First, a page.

A Wonder and a Scandal

Peter Campbell

If you are willing to define what you mean by it, the idea of progress in the arts is useful. Take Titian’s portraits. Whether or not those who first saw them understood that a new way of recording likeness was evolving, that way would define the technical ambitions of European portrait painting until photography put an end to them. In portraiture, as Titian proved, accurate drawing and minute detail are not a sure way to naturalness, and may even preclude the transition from seeing patches of paint to having an impression of a living face. Compare Holbein’s portraits – true, I am willing to guess, in contour and complete to every whisker of stubble – with Titian’s most persuasive ones, or just with the three single heads now in the National Gallery (all quite early work). There is the woman in a purple-red dress meeting your eye full on (least typecast of all his painted ladies); the handsomely bearded man who looks at you over his blue-sleeved right shoulder, as though quietly challenging you to make the first move; and the young man, almost in profile, holding a glove and showing a bit of red sleeve, the face angular and rather bony, capable, you might guess, of contained amusement. All seem oddly alive: information about the face has not been gathered as chin and nose and eye-information; these are pictures of expressions, of passing configurations of the flesh, not maps of its permanent geography. They are the kinds of picture which persuade people that they have been made aware of a personality. The image creates the illusion that you can read a soul.

There is also, of course, style: not of the painting but of the person painted – a personal service within the painter’s gift. Titian offered his male subjects a new authority and presence: he could show a man relaxed, but potentially energetic and expressive. Some men, of course, are relaxed and energetic and some of his portraits extend what we know about people from other sources. The 1545 portrait of his friend Aretino – poet, publicist, pornographer, and the intermediary for a number of Titian’s sales and commissions – is a case in point. It shows a bull of a man whose mobile, red lower lip – pushed forward above an abundant, well combed beard – suggests that he has been caught mid-word. His complaint in a letter to Cosimo de’ Medici – to whom the portrait was being sent as a present – that the treatment of his red coat would have been less sketchy had the painter been paid more could, coming from this face, be the kind of joke Mafia godfathers make in the movies before the sudden roar of laughter which takes the underling off the hook. Or maybe Aretino really would have liked a little more attention paid to his finery – including the gold chain he had from the King of France. Or then again, as a note here suggests, he may have been taking care of his ‘delicate relationship’ with Cosimo by distancing himself from Titian, who owed Cosimo a portrait. (Aretino made his money lampooning and flattering princes. Titian was at that time much engaged on work for the Farnese family.) Whichever way, Titian’s picture matches stories about the man.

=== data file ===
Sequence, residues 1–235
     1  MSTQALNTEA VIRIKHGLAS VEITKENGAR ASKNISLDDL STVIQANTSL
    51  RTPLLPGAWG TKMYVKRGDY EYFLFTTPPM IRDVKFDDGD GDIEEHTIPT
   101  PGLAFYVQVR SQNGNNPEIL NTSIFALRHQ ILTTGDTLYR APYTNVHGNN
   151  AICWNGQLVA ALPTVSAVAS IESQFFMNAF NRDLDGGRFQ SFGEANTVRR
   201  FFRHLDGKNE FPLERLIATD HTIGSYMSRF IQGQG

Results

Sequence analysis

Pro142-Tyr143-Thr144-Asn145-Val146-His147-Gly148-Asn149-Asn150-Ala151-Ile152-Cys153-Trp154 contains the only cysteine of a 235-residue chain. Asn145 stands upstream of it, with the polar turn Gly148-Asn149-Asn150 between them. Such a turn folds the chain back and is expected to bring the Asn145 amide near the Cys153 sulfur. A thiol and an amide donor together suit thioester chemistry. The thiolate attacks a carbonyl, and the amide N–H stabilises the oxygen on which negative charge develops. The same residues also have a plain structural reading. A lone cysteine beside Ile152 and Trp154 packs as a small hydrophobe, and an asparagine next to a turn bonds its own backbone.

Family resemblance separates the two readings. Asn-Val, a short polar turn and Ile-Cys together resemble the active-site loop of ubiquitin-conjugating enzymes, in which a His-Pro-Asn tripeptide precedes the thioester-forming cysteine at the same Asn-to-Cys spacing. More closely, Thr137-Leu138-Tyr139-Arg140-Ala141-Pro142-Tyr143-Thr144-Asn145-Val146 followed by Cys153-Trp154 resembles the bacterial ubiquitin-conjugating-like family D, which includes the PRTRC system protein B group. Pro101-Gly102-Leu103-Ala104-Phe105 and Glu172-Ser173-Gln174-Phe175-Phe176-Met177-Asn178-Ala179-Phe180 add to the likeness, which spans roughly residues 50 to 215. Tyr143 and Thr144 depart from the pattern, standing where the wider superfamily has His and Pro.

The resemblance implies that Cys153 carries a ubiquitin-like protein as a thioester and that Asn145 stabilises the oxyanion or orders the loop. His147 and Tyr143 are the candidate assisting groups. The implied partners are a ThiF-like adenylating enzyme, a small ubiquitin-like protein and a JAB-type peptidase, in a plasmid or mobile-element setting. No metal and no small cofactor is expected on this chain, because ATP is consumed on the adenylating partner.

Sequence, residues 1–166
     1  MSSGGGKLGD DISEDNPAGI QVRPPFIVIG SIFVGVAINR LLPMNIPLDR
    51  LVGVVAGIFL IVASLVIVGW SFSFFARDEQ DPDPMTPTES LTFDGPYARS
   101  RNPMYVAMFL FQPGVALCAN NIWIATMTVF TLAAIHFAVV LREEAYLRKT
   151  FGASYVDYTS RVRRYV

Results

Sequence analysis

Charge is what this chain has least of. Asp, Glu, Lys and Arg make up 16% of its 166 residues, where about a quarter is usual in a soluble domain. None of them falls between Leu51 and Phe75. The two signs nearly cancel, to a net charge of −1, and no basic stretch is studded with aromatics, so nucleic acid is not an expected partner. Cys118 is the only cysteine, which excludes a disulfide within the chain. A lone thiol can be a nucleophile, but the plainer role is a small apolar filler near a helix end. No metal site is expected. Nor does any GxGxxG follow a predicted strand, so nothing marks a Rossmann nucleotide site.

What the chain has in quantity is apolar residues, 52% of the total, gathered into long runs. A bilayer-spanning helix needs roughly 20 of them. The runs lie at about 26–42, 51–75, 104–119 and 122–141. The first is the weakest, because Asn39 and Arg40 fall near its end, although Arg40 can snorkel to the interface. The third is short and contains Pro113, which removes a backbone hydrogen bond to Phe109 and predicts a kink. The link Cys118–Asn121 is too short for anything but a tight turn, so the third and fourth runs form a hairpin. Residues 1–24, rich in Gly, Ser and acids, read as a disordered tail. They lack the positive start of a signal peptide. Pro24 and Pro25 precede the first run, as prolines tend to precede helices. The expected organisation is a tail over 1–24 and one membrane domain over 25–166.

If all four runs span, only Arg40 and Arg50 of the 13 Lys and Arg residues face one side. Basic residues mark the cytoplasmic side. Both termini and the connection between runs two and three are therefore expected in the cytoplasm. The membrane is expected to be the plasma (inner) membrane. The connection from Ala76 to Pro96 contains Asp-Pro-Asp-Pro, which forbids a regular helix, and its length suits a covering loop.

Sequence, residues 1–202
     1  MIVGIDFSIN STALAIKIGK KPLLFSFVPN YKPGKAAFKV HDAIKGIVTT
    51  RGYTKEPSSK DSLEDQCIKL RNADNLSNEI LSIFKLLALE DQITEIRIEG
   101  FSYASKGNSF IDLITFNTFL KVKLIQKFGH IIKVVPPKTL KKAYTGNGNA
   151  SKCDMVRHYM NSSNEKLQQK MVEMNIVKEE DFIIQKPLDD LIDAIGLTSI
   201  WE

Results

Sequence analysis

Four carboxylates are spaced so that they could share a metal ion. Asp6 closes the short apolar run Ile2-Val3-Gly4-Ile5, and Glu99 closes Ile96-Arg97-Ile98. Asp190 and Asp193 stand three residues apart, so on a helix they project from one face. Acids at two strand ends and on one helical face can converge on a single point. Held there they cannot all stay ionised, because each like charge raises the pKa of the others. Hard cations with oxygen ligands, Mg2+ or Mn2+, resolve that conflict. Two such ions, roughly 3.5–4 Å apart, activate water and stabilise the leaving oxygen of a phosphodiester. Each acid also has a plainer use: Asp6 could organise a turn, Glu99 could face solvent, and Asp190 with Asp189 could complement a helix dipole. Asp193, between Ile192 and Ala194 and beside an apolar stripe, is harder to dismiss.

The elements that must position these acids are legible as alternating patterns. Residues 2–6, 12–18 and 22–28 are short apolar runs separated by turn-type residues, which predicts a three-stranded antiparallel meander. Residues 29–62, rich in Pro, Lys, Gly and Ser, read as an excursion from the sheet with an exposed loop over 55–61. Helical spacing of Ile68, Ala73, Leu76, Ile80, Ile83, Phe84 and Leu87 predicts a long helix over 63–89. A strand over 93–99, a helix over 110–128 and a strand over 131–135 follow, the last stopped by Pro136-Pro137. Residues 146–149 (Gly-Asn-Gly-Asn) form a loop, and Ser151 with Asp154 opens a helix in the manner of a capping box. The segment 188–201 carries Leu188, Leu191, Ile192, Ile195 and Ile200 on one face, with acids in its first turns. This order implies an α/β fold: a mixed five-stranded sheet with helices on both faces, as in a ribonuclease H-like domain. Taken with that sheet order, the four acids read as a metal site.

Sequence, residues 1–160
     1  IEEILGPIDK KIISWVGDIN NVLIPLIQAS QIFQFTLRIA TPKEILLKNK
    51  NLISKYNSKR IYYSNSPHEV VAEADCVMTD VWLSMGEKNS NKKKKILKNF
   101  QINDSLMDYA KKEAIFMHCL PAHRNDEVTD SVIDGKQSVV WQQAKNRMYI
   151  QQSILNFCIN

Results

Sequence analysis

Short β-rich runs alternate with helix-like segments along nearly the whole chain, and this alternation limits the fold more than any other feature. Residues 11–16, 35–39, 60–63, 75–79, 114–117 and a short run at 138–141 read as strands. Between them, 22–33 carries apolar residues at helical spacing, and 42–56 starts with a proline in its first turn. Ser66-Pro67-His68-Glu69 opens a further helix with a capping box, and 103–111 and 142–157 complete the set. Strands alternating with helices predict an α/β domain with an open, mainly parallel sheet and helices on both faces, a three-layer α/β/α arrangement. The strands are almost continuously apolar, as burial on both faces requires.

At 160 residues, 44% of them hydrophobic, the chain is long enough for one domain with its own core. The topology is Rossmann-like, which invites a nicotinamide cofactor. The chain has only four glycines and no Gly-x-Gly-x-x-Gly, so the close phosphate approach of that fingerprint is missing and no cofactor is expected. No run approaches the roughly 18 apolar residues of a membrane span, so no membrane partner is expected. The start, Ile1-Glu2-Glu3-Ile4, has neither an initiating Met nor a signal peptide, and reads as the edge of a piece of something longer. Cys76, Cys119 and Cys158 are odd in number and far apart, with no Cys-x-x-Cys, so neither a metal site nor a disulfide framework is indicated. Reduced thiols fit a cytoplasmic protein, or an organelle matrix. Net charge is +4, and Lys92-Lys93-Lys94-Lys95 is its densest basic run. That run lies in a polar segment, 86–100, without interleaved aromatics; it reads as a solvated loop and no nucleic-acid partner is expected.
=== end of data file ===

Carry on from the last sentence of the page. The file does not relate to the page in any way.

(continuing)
Even if truth could have been supplied on tap, it would not have been what kings wanted. It is hard now to imagine the relationship between a painter made independent by great men competing for his services, and a ruler entranced by the artist’s ability to give substance to the notion of embodied power – in images, moreover, which are from the same hand as those which show Mary assumed into the vault of heaven and the adventures of mythical heroes. Whatever the reality of these relationships, the fact that the painter had something of great value in his gift makes sense of anecdotes in which king and painter treat each other as equals – the one a real ruler, the other a ruler in the kingdom of representation. This elevation can have its downside – a courtier-painter is also a court painter. Titian was exceptional in that, at the end of his life when most of his work – in particular, the ‘poesies’ like Venus and Adonis, The Death of Actaeon and The Rape of Europa – was being done for Philip II, patronage and independence seem to have rubbed along pretty well; the only problem was getting paid. In Venice other stars were rising – including that of Tintoretto, who had worked in his studio. Titian was an old man. The Spanish connection freed him from having to elbow for his place at home.

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